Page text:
Charles Dickens provides setting for a VAT tale

This year, executives could do worse than taking a couple of hours out of their holiday and re-watching A Christmas Carol

The Value-Added Tax (VAT) building in Beirut, Lebanon. The levy comes in in the UAE and Saudi Arabia on January 1. Aziz Taher/Reuters
The Value-Added Tax (VAT) building in Beirut, Lebanon. The levy comes in in the UAE and Saudi Arabia on January 1. Aziz Taher/Reuters

The festive period signals change; the rotund white bearded gentleman gifting liberally by request is a joyful distraction from the end year review we should all be engaging in.

This year, executives could do worse than taking a couple of hours out of their holiday and re-watching A Christmas Carol.

Since we all know the structure of the story that Dickens told in staves, let me put a spin on it and hand you, an executive, over to the ghosts of VAT past, present and future.

Stave one

In 2016, the universal business partner, the UAE Government, appeared briefly and announced to you that VAT would launch on the 1st January 2018. The intention was clear. Get ready. Be ready. Otherwise bad things would happen.

Stave two

The ghost of VAT past returns you to a happier place, when time was abundant. There was time to get ready, become compliant. It shows colleagues, advisors and close friends encouraging your entity along this path.

Stave three

Next the ghost of VAT present shows you a business that is ready. With some details still unknown, they are somewhat worried that they might face penalties unless they can quickly adjust their solution.

Stave four

Finally, the ghost of VAT yet to come brings you to your own office, where everyone is stressed, no one more than you. Unsympathetic Tax Inspectors systematically interrogate the business’ processes and records. The final scene is set amid the debris of a closed business. Yours. In returning you to the present, the ghost reminds you that the future is not yet written.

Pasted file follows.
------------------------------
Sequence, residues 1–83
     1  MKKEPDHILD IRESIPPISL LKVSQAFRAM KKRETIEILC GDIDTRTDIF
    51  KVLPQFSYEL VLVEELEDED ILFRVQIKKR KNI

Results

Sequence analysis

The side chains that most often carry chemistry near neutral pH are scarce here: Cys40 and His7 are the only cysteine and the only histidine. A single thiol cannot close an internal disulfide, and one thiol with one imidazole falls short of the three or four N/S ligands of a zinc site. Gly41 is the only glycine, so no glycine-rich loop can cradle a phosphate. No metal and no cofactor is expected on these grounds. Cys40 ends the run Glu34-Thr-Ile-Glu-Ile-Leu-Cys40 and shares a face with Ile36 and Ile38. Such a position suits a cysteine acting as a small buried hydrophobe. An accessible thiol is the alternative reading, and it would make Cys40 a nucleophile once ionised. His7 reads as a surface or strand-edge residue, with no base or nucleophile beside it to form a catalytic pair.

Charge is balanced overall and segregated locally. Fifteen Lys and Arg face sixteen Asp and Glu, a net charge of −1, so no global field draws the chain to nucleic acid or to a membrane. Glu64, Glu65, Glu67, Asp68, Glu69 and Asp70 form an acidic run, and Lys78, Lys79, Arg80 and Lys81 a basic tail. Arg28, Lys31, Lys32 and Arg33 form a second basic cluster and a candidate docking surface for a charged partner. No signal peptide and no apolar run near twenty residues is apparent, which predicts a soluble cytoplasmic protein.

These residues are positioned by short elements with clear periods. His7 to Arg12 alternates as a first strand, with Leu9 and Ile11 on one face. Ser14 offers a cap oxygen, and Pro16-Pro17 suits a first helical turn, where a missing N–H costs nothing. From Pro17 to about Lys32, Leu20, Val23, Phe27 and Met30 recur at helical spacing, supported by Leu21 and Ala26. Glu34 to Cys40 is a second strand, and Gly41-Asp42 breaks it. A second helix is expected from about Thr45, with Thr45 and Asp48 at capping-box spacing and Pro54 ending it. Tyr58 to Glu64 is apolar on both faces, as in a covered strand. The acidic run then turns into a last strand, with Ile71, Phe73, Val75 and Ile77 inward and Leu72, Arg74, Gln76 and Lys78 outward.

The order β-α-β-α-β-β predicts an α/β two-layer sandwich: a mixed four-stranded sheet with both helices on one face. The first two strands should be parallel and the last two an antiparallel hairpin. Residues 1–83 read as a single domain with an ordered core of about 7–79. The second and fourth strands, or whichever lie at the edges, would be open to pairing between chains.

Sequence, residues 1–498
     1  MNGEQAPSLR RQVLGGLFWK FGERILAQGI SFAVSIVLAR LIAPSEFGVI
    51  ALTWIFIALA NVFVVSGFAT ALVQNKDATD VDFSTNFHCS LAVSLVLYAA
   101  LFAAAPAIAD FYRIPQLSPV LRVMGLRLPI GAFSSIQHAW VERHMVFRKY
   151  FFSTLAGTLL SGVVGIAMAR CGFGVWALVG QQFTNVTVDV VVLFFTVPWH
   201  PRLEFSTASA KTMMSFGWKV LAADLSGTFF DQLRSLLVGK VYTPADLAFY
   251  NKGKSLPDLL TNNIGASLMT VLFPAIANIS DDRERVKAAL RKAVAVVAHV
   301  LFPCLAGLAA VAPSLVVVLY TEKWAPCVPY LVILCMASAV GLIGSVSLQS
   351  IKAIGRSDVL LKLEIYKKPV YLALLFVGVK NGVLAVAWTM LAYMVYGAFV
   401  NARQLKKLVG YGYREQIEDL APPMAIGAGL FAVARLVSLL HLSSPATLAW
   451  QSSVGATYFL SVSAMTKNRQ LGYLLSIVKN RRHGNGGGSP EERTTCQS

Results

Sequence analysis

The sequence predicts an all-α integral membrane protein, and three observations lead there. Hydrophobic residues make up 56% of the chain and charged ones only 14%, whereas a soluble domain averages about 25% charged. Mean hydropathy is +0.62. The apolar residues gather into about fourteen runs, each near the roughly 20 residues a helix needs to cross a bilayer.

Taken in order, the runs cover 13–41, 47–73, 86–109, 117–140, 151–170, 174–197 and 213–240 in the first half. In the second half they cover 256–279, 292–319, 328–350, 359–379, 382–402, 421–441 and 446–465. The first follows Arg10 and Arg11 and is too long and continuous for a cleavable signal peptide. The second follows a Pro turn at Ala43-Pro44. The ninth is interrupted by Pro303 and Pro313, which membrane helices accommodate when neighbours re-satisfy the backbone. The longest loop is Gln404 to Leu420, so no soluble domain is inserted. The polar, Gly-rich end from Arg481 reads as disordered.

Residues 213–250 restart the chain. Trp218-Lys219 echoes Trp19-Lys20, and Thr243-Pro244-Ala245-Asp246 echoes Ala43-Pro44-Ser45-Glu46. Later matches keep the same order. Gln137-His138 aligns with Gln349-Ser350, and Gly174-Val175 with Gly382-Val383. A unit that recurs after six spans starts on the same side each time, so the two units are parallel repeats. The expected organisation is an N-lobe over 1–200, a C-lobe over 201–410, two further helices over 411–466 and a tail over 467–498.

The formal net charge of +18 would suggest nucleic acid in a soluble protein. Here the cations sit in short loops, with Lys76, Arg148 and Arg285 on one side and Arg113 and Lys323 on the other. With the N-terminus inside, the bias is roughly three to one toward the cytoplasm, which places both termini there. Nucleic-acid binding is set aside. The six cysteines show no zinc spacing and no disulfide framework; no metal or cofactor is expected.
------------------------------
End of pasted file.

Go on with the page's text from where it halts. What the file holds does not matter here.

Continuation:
Charles Dickens was no Thomas Hardy, so the story ends in stave five with Scrooge’s happy redemption. Which Victorian author is writing your story?

If you haven’t registered for VAT yet, then you are liable to a Dh20,000 fine. There has been no guidance as to how this is going to be enforced, so I’ll posit the following.

An entity that should be registered for VAT and is not, is technically trading illegally. It cannot levy VAT on invoices to its customers, however, it must account for the amounts that should have been charged.

Consider an entity that invoices Dh500,000 a month. That is Dh25,000 worth of chargeable VAT that their customers will avoid. However, the Federal Tax Authority [FTA] will demand that Dh25,000 be paid to them.


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The entity will need to take the initiative, report and pay this money to the FTA. Without a VAT number the entity will be unable to use the FTA submission portal, so an approach will need to be made directly via email. When it comes to penalties, self declaration is always going to deliver a better outcome than being found out.